11 October 2010


So apparently Trevor Philips is still about, being paid by the rather frivolous 'Equality and Human Rights Commission' to tell us:

'The commission said that on average women earned 16% less than men, widening to 27% for women aged 40'

An average, widening in the older groups...I'm shocked - does this mean it's narrowing in the young?

'When it came to pay, the report said that the gender pay gap was lowest for the under 30s, rising more than five-fold by the time workers reached 40'

Hang on - five-fold? Does that mean it's roughly equivalent to a measly 5% in young people?

I've said before that to compare older workers is ridiculous when there is nothing you can do about their educational prospects thirty years ago - instead what we have is females being given massive advantages to even out the figures, which does nothing for older 'unequal' women, and creates real, state-sponsored inequality in the education and employment sectors

Among other equality issues, it said that girls of all ethnic backgrounds outperformed boys in education.

Essentially they offset older women being held back by deliberately holding young men back, this is 'equality'

Other gems include: 'while one in five people lived in a household with less than 60% of average income.'

Really - 20% live in households more than 40% away from the average? As streams of people have said before - it's relative! If they earned more the average would in turn be higher! The only way of ever lifting people out of 'relative poverty' is to pay everyone the same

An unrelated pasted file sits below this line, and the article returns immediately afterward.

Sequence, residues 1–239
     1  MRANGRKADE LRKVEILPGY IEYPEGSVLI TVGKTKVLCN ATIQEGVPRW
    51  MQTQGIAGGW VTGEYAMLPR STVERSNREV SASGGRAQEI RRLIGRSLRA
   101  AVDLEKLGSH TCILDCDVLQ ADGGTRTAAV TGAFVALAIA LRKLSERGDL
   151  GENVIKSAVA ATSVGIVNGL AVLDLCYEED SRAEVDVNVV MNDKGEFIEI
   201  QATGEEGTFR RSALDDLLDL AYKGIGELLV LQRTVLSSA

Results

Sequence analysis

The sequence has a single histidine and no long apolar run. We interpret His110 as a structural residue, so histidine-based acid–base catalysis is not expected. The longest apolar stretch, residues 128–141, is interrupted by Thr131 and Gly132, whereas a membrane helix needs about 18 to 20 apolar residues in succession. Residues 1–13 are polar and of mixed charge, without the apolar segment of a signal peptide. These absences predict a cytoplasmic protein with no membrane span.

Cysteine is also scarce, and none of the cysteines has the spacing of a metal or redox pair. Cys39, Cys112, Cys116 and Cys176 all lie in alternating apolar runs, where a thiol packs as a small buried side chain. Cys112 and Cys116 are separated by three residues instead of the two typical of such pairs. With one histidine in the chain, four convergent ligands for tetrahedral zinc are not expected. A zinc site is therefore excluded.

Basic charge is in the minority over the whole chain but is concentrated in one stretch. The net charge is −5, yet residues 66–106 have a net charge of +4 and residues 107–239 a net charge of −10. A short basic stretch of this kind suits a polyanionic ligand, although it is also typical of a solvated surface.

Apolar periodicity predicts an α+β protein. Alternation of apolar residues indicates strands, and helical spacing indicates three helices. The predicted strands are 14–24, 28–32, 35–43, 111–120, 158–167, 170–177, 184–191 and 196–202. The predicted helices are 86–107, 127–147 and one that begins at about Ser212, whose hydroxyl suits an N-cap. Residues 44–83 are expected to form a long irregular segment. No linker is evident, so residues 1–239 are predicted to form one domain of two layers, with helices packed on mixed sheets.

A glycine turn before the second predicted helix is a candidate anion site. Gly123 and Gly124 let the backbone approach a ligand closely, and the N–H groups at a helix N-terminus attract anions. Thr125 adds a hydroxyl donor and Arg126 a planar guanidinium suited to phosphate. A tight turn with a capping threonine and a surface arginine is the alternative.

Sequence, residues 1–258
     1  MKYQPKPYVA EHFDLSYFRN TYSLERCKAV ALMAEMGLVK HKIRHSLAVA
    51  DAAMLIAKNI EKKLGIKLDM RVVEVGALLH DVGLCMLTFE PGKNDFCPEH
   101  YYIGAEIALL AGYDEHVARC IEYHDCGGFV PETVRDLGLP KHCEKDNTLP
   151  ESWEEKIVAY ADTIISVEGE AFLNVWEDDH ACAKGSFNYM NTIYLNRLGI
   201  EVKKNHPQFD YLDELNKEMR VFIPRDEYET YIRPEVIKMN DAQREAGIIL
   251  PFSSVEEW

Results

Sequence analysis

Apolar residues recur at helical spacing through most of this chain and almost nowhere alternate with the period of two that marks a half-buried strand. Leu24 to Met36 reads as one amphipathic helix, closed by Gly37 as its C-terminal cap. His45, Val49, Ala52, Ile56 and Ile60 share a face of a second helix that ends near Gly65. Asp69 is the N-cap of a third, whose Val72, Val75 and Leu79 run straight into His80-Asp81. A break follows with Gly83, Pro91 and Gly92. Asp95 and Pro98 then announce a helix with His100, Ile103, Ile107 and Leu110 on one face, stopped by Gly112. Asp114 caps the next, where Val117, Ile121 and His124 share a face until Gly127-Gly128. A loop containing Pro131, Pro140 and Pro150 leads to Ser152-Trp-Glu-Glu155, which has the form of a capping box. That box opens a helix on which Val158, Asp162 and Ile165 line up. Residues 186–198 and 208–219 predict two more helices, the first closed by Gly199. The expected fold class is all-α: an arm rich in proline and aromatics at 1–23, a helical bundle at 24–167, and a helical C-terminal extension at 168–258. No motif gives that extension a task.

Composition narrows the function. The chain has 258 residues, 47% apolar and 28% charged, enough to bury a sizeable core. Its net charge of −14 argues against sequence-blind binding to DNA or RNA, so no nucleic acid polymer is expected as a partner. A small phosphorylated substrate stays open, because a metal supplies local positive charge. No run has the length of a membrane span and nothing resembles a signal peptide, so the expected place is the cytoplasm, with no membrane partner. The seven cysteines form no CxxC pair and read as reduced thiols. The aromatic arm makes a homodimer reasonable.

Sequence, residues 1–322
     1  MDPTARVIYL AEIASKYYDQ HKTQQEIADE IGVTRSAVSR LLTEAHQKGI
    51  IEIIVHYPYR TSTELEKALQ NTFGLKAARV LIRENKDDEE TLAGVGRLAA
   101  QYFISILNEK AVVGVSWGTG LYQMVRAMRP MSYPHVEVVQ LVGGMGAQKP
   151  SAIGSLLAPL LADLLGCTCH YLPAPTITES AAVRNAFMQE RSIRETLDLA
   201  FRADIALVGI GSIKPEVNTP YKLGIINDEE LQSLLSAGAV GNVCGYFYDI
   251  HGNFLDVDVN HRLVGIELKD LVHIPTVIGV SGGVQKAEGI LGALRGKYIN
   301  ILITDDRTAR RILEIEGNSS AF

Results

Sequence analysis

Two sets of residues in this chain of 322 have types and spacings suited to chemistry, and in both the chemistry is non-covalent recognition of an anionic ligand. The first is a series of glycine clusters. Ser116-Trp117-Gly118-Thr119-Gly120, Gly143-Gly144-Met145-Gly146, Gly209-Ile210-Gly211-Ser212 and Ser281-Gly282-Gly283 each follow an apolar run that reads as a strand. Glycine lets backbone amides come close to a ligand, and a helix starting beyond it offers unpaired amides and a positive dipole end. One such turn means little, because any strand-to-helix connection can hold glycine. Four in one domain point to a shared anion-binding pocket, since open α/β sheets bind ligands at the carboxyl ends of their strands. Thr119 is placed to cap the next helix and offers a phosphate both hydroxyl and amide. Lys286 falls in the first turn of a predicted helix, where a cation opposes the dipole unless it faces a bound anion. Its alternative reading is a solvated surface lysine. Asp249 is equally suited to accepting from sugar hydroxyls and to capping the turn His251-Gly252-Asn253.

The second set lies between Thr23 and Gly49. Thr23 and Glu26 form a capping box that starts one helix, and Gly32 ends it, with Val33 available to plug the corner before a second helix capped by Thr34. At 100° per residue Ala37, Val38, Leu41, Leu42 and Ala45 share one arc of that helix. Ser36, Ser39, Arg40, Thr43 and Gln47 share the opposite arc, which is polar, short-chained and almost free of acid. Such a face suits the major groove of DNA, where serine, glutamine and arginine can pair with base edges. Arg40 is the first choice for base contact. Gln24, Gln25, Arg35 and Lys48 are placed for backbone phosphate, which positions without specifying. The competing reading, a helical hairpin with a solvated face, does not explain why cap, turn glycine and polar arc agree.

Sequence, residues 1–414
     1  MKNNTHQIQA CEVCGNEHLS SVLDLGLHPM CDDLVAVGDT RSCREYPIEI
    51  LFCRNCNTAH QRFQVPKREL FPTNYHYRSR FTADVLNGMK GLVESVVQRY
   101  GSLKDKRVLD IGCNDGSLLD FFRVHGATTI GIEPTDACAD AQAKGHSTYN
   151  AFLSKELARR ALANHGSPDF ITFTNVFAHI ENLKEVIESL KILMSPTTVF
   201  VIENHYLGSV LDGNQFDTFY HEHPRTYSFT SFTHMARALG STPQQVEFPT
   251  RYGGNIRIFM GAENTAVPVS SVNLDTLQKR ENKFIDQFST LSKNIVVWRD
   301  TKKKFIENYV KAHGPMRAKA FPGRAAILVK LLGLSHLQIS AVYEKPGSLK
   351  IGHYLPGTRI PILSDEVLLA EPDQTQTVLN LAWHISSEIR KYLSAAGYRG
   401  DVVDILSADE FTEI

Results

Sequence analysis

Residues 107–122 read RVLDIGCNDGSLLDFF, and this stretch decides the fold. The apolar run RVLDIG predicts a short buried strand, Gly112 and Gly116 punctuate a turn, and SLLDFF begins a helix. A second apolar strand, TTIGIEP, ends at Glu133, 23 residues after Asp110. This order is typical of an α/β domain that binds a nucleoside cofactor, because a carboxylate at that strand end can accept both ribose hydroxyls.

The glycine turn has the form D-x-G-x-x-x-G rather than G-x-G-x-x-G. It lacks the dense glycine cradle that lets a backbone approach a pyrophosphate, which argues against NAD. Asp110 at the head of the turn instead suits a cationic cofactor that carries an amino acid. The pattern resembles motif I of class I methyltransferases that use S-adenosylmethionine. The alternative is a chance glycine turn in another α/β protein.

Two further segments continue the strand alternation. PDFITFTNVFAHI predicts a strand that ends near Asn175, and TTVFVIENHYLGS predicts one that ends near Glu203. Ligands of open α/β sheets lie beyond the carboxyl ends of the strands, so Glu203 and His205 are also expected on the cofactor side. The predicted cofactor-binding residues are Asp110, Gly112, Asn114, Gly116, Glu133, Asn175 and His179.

Mr Phillips said: "This review holds up the mirror to fairness in Britain. It is the most complete picture of its kind ever compiled.
"It shows that we are a people who have moved light years in our attitudes to all kinds of human difference, and in our desire to be a truly fair society, but that we are still a country where our achievements haven't yet caught up with our aspirations."

Is that code for: we can't catch up with the inequality of generations past? Or is he just bleating that we still haven't met the targets, and reality be damned

There 70 million of cuts right there (operational costs - £175k per employee, nearly twice that of the NHS)

In other news - people who are (about) my age are idiots, they think that of all cuts benefits Jobseekers' Allowance should be cut, many of whom said by 'a lot' - are they aware how tiny JSA is? It's a pittance, equivalent to less than a day's work a week and is heavily restricted - the real benefit money is in housing and income support, not counting disability

However, they did also support benefit capping (again, showing this cap is actually a good, popular idea, despite the Labour howls), but christ..cut the dole - to what? Zero?

Looking forward to 'the cuts' next week...

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